The building bridges team wraps up its public sessions Tuesday to compile the final report.
As envisaged in the Building Bridges Initiative (BBI) spirit, the report is expected to state what needs to be changed, enhanced or expunged for the nation to achieve its development goals and political unity.
Coincidentally, the end of the sessions marks two years since President Kenyatta and ODM leader Raila Odinga shook hands outside Harambee House and embraced peace on March 9, 2018.
In June, the two leaders are expected to suggest the way forward, despite the divisions in the political class brought about by the ''handshake''.
Before the political pact, Kenya had just witnessed one of the fiercest elections in history on August 8, 2017. The opposition coalition National Super Alliance (Nasa) successfully contested the outcome, which led to the nullification of President Kenyatta's victory by the Supreme Court.
However, Nasa boycotted the repeat poll on October 26, 2017.
Calls for secession were advanced by the opposition as the Orange Democratic Movement (ODM) leader Raila Odinga, who was the Nasa presidential candidate, formed the National Resistance Movement (NRM) to rival the government. He also announced a national boycott of certain products.
The tension culminated in a historic moment on January 30, 2018, when Mr Odinga, in an act of defiance, was ''sworn'' in as the ''People's President'' at Uhuru Park in Nairobi.
The country was in a crisis with calls for Mr Odinga's arrest over alleged treason. Until the historic handshake calmed nerves, Kenyans were caught in a state of uncertainty.
The ODM Director of Elections, Mr Junet Mohamed, said the nine-point agenda contained in the joint communiqué by the two leaders, including a referendum, will be concluded in June.
"We've achieved many things because of the peace and cohesion that prevails in the country. All communities are now part and parcel of Kenya, unlike before when only two regions were running the show," Mr Mohamed told the Nation on Monday.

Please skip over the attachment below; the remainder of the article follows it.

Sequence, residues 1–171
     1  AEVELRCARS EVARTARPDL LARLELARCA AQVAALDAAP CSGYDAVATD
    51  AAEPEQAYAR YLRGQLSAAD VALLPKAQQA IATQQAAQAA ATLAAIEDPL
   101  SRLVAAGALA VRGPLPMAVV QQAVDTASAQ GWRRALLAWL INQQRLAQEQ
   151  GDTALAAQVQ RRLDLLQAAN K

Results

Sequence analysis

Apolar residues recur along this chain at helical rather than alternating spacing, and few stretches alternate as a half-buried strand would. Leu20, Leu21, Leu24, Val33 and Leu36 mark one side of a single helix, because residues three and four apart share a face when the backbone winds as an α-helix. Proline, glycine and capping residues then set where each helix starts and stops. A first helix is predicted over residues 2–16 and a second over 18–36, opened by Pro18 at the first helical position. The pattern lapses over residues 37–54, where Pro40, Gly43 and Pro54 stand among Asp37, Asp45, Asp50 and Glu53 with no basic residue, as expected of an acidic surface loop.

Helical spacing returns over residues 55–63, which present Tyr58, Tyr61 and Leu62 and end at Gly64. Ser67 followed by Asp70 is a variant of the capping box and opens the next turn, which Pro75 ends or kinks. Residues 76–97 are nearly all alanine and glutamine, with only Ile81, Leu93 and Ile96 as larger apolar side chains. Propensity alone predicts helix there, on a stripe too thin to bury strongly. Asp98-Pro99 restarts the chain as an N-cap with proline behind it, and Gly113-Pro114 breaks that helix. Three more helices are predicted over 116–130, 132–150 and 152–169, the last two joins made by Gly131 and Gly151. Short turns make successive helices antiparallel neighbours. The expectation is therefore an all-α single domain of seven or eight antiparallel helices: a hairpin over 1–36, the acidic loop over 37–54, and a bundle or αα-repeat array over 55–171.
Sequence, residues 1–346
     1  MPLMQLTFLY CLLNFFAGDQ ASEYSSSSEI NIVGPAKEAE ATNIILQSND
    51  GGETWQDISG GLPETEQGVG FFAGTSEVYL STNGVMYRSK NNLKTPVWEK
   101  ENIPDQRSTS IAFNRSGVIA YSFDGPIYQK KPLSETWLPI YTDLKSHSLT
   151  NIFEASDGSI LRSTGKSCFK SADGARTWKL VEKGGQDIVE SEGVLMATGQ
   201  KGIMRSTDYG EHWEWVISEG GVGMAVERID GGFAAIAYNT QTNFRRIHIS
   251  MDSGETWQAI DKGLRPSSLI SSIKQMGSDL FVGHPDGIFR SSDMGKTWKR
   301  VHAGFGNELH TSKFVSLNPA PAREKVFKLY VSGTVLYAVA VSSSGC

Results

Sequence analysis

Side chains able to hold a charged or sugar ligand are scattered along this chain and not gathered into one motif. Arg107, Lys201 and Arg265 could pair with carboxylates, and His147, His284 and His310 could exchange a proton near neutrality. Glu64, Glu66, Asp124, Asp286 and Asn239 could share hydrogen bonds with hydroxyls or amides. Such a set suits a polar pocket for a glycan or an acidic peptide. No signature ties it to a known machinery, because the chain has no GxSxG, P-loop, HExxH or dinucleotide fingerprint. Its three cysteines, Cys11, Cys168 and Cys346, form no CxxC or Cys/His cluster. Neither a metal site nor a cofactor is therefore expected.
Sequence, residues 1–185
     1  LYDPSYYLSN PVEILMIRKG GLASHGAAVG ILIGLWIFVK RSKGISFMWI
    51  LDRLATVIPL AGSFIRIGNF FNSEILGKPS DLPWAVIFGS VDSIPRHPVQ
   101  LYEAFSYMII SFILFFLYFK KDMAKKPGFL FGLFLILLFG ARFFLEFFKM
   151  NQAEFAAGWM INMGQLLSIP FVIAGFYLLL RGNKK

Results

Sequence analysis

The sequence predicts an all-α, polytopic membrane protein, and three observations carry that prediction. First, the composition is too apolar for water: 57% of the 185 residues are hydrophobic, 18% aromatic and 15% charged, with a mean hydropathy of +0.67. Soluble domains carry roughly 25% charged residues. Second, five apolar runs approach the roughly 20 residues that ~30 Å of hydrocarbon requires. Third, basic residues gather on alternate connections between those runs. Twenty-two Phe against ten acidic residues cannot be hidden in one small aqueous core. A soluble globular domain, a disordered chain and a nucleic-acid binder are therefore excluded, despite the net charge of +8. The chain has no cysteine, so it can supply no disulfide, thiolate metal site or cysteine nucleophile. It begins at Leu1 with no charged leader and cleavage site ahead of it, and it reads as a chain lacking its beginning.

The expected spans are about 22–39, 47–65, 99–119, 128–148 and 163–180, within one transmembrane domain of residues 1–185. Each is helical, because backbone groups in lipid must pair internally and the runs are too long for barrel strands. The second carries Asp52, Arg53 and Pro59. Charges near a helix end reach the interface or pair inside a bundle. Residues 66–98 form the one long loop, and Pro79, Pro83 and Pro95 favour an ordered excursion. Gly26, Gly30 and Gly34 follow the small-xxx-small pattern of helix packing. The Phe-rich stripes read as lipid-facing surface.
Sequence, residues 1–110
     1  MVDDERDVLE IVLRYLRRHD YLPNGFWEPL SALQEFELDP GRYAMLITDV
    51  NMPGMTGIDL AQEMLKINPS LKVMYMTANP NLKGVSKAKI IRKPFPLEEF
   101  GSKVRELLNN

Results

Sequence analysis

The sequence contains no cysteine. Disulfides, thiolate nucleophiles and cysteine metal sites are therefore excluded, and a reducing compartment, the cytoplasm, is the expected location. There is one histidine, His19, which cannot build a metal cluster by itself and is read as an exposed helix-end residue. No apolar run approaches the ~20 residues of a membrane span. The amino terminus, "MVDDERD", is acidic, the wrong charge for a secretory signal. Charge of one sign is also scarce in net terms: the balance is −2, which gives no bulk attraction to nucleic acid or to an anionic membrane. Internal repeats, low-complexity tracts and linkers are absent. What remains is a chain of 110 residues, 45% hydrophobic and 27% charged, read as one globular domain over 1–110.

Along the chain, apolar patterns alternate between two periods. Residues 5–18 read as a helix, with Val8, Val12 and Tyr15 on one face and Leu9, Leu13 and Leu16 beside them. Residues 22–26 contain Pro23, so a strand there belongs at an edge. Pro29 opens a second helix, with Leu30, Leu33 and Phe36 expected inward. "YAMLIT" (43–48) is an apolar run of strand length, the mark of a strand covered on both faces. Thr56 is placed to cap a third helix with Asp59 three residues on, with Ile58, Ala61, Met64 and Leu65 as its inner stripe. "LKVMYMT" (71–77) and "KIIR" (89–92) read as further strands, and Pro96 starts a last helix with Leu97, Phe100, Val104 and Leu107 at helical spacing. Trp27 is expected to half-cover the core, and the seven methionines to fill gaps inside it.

SAVED THE NATION
"There is now a government in place, for the people and by the people and it will shape the future of the country," he said.
However, not everyone is happy with the handshake. There are those who feel the nation is more polarised than ever before.
Political analyst Herman Manyora said President Kenyatta and Mr Odinga should also ''make peace'' with Deputy President William Ruto.
"The handshake, being a monumental development, has also injured some people. Uhuru and Raila should work on a handshake with Ruto," he said.
But ODM national chairman John Mbadi said the handshake saved the country from "going to the dogs".
"Unless you have short memory, this country was on the brink of collapse. The deal saved the nation. Each side was recognising its own system of government," he said.
Nandi Senator Samson Cherargei and Kimilili MP Didmus Barasa, allies of the DP, insist the deal has only served to polarise the country.
"There is a reggae song by Morgan Heritage — Look pon di gully side … do you see anything to smile about?
"This (handshake) is one of a political conmanship. Just look at the divisions in the country over the last two years. It's just about political selfishness and convenience," he said.